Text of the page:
The Christian cyberworld is inundated with articles on femininity and women's roles. At times I feel we've been reduced to the debate of complementarian versus egalitarian. Not that these aren't important issues to discuss, but sometimes I wonder if we get so caught up in rhetoric that we lose sight of Scripture. Lord, save us from that trap!
In preparation for the ladies' theology reading group I am blessed to lead, I revisited the story of Abigail found in 1 Samuel 25. Abigail is explicitly praised for some of her attributes, but there is much more to observe and glean from this story. In fact, as I poured over the account of her meeting with David I realized it is a primer on God's design for women.
Abigail was discerning (v. 3). Scripture draws a stark contrast between Abigail and her husband, Nabal. Verse 3 tells us that she was "discerning and beautiful", but he was "harsh and badly behaved" (ESV). The Oxford English Reference Dictionary defines discerning as "having or showing good judgment or insight". Abigail knew that her husband was a fool (v. 25), but she did not allow his folly to affect her good judgment or to keep her from pleasing God. She was wise enough to realize that if David followed through with his plan to destroy Nabal, it would also be detrimental to David (v. 31). By approaching David, she saved both her household and the future king's conscience.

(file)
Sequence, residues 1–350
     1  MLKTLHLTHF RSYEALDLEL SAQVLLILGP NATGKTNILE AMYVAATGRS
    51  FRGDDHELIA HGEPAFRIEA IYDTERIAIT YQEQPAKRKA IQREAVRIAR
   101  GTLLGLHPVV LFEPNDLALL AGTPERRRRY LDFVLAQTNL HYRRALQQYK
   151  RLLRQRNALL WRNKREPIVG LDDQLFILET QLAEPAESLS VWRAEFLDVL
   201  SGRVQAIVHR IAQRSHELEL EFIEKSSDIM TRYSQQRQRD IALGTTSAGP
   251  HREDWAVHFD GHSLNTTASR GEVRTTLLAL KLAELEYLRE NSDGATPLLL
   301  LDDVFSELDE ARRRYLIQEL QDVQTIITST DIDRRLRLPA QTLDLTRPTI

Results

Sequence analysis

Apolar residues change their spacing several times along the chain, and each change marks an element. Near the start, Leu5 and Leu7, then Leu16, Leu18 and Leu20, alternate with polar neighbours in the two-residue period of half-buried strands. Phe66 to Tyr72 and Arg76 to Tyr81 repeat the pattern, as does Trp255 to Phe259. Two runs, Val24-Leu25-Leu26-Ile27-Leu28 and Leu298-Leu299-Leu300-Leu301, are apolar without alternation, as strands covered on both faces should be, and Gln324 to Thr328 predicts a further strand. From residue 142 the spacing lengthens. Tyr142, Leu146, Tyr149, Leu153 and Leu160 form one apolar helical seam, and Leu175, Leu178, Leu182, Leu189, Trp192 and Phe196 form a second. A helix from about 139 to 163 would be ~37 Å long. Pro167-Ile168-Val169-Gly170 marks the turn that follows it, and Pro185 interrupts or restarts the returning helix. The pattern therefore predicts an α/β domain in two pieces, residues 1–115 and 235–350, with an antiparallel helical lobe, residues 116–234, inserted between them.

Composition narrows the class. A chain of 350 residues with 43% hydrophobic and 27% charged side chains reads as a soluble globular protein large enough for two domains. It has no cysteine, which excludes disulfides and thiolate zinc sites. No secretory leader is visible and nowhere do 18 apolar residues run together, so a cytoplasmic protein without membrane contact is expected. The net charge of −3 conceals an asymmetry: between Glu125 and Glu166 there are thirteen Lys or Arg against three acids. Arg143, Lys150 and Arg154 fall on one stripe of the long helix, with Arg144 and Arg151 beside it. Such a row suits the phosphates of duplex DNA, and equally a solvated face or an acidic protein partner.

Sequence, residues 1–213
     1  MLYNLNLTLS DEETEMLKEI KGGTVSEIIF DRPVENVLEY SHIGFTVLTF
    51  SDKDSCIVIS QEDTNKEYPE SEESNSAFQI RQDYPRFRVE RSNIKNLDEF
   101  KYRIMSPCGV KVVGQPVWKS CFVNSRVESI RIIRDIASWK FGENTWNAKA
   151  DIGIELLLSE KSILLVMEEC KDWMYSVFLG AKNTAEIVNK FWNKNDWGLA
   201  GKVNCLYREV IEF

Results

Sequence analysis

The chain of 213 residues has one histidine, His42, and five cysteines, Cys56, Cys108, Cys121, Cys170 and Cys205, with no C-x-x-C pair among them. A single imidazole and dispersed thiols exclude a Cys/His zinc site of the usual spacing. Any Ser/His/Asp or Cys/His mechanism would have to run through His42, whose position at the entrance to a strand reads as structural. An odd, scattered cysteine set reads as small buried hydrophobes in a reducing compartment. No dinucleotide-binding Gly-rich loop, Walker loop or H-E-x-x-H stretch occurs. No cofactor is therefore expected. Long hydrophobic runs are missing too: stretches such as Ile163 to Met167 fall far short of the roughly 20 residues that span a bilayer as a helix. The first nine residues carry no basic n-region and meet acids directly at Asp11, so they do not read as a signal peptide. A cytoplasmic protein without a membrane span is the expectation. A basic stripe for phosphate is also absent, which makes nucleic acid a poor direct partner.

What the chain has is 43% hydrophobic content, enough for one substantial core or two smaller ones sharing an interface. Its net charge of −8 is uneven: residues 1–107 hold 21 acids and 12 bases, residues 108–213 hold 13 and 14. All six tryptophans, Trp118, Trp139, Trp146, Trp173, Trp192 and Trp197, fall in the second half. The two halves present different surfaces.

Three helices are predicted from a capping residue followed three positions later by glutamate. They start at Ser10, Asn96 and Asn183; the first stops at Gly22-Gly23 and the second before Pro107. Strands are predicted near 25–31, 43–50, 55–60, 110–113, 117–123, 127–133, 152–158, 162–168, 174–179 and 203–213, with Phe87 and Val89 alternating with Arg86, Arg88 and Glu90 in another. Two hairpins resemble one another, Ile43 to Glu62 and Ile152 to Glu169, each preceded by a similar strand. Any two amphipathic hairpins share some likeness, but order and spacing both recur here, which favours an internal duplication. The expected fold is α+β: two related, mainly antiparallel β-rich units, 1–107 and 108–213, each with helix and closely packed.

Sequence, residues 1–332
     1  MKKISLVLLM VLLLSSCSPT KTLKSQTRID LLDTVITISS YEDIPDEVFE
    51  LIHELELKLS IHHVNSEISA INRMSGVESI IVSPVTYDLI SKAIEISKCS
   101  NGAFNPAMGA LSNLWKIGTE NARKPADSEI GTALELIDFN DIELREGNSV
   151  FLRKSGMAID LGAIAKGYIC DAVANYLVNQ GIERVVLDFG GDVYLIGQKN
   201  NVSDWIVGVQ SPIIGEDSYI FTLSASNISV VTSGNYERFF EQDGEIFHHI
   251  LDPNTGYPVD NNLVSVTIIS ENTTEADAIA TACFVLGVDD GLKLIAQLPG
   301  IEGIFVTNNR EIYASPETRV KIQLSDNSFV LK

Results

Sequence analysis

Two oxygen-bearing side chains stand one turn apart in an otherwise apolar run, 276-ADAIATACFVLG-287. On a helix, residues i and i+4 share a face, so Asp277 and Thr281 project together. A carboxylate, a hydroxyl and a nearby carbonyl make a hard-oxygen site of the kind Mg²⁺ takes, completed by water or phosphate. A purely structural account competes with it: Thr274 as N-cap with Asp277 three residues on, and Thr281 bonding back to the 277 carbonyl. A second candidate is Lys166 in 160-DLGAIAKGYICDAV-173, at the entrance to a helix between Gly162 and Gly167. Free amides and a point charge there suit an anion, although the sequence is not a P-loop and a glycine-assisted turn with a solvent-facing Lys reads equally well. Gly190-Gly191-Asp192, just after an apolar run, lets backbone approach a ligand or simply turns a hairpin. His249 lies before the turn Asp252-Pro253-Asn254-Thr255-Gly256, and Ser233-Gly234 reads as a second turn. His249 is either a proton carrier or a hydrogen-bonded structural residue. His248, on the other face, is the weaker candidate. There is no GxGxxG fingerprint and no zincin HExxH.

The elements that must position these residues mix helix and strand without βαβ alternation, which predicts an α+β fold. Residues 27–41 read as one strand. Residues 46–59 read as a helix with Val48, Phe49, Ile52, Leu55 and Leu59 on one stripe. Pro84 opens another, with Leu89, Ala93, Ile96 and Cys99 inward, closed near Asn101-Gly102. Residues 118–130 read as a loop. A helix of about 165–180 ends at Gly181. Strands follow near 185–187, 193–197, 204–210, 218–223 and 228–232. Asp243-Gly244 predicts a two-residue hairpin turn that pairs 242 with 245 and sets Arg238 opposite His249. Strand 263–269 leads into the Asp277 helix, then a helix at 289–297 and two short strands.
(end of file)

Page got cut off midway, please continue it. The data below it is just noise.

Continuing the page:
Abigail was beautiful. (v. 3) A truly beautiful woman will be discerning (see Proverbs 11:22). While the author of 1 Samuel is referring to her physical appearance, this passage clearly indicates that Abigail had "the imperishable beauty of a gentle and quiet spirit". (see 1 Peter 3:3-4)
Abigail was respected. (v. 14). One of Nabal's servants approached Abigail when he realized that Nabal had incurred David's wrath. Obviously, the servants knew that Abigail was discerning and could be trusted to handle the situation wisely.
Abigail protected her husband and his household (v. 24). Even though Nabal was a fool, Abigail quickly took action to persuade David not to carry out his plan. She accepted the blame for a wrong she didn't commit. She admitted that her husband was foolish, but she did not leave him to face the consequences of his actions.
Abigail was discreet (v. 33). David recognized her tact, her trustworthiness, and her ability to avoid disgrace (see Oxford English Reference Dictionary). She spoke to David candidly, but tactfully. Her behavior may have brought honor to Nabal, as the future king of Israel praised her.
Abigail was humble (v. 41). After Nabal's death, David wanted to make Abigail his wife. He recognized her value. He knew that she would be a woman to be praised, that she would bring him honor. Even though she had single-handedly saved their household, she bowed to David's servants and declared she would be a servant to wash their feet. She did not assume an air of authority or presume to be entitled to anything as David's wife.
Sometimes labels are important. They let people know exactly what we stand for. Yet sometimes labels can do more harm than good. A woman who possess the qualities of Abigail needs no label to bring honor to her husband and to God.